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How has new technology made sunscreen application less of a hassle?

Dr. Mehmet Oz, MD
Cardiology (Cardiovascular Disease)

Sunscreens today come in many different forms that make them easier to apply, including gels, sprays, lotions and sticks. Sprays are easier to use on children who don't like to sit still, and they can help you get those hard-to-reach areas like your back. Gels are good for hair-covered parts of the body, such as the scalp or chest (in men). No matter which type of product you choose, it won't protect you adequately unless you use it correctly. Spray or rub on sunscreen at least 30 minutes before you go outside, and make sure you cover all exposed areas of your body. Choose a sunscreen that has an SPF of at least 30 and that provides broad-spectrum protection against both UVA and UVB rays.

 

Dr. Ellen Marmur, MD
Dermatology
New technology has made sunscreen application less of a hassle. A couple years ago, fine mist sprays began to allow you to apply sunscreen to your own back and help you get it on your kids' skin as you chased them around. The newest delivery system called wash-on uses encapsulated active sunscreen ingredients in a cleanser. Because the sunscreen is positively charged, it has a magnetic attraction to the skin (which has a natural negative charge), so the active ingredients cling to your face and stay there. Right now, the products provide an SPF of only up to 15, so they aren't enough for a day at the beach. But this could be an easier way to incorporate sun protection into a daily routine, especially if you have oily skin and like to wash it in the morning. Since it's not a lotion or cream, this innovative formulation doesn't leave a sticky, greasy residue.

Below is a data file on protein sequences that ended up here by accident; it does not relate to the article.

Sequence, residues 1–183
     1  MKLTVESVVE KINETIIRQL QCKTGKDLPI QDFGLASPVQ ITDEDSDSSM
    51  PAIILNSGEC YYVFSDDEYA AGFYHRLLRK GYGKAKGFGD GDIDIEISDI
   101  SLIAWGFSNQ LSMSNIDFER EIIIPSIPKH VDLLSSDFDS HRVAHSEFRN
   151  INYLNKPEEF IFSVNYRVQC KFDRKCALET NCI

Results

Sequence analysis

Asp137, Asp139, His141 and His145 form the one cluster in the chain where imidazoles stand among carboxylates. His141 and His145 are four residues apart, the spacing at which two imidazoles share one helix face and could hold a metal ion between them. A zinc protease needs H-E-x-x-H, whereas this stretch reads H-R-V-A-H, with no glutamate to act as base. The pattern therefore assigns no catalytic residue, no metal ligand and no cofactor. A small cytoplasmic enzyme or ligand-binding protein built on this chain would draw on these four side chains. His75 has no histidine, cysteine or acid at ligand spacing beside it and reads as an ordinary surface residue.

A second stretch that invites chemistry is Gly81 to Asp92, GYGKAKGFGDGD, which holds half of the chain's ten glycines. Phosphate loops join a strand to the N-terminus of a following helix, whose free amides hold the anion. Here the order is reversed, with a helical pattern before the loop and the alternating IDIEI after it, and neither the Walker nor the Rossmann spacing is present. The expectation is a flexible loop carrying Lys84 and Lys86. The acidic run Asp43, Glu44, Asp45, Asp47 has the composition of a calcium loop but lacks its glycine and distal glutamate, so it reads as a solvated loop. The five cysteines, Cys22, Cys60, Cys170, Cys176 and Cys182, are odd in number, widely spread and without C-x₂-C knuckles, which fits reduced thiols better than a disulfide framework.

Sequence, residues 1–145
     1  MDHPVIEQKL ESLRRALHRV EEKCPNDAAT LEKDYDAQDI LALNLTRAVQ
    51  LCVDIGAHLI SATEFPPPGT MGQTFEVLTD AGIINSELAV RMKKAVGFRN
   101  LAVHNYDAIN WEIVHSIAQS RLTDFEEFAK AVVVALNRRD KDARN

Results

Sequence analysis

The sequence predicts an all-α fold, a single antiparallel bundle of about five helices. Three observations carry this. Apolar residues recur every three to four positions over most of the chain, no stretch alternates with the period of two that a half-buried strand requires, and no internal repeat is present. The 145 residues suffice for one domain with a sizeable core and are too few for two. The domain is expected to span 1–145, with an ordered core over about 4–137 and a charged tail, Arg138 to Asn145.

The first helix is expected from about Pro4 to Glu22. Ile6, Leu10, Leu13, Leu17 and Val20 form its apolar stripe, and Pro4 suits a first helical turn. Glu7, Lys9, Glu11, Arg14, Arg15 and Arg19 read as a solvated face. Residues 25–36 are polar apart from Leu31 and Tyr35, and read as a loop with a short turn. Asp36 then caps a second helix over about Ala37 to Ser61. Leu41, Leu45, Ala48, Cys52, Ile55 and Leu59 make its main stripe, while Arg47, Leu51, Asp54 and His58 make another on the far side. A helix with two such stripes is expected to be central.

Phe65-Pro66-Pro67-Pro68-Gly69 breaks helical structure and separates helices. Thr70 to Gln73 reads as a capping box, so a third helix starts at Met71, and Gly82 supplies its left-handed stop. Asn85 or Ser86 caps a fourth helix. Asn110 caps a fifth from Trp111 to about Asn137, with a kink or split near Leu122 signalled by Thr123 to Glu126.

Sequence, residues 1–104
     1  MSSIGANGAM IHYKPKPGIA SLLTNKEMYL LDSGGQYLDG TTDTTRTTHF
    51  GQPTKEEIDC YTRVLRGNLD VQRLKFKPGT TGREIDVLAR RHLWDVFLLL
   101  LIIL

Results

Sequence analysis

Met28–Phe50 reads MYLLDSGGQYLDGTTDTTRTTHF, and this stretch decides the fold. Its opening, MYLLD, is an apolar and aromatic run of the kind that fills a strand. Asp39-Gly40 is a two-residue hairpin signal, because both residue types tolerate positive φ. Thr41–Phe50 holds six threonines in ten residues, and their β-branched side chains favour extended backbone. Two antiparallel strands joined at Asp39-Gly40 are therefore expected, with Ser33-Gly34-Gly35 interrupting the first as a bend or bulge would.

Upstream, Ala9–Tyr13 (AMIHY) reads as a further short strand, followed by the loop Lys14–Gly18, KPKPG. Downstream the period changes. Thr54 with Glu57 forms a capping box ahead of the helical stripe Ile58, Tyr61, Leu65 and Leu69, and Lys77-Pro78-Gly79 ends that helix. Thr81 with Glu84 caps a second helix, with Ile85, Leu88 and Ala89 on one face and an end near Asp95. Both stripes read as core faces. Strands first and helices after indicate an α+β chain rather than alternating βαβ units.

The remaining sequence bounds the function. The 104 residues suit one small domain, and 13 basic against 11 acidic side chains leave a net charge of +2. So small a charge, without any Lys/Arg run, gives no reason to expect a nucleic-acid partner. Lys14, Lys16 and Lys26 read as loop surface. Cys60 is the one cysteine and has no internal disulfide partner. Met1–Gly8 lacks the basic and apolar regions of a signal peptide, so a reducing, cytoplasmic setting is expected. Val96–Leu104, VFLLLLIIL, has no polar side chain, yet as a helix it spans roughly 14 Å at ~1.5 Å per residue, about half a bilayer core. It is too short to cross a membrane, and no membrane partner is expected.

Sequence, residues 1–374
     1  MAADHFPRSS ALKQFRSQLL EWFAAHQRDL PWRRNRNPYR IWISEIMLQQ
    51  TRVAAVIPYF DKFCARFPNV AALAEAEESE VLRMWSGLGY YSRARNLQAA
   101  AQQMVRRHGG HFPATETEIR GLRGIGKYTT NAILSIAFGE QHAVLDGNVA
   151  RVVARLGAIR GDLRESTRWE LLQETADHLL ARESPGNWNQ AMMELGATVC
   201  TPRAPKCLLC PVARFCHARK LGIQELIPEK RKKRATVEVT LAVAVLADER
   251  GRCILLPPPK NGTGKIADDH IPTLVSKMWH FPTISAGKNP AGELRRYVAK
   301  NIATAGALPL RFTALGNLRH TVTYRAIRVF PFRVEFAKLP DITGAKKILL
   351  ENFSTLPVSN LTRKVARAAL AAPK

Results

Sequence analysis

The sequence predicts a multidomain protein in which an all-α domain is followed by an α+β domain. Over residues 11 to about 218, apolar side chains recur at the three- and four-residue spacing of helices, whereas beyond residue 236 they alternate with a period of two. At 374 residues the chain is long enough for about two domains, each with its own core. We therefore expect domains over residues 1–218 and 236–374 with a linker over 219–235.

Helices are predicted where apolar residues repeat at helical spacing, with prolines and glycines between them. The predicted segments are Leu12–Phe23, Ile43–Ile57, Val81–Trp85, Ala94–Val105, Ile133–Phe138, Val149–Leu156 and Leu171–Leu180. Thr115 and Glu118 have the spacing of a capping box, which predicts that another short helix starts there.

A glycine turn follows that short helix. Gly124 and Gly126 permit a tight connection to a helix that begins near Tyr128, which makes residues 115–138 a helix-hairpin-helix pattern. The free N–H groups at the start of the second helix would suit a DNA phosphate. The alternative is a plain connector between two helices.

Simple Skin Beauty: Every Woman's Guide to a Lifetime of Healthy, Gorgeous Skin

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Simple Skin Beauty: Every Woman's Guide to a Lifetime of Healthy, Gorgeous Skin

What if a leading dermatologist just happened to be your best friend and you could ask her anything? DR. ELLEN MARMUR, a world-renowned New York City dermatologist, answers all your questions with...

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Important: This content reflects information from various individuals and organizations and may offer alternative or opposing points of view. It should not be used for medical advice, diagnosis or treatment. As always, you should consult with your healthcare provider about your specific health needs.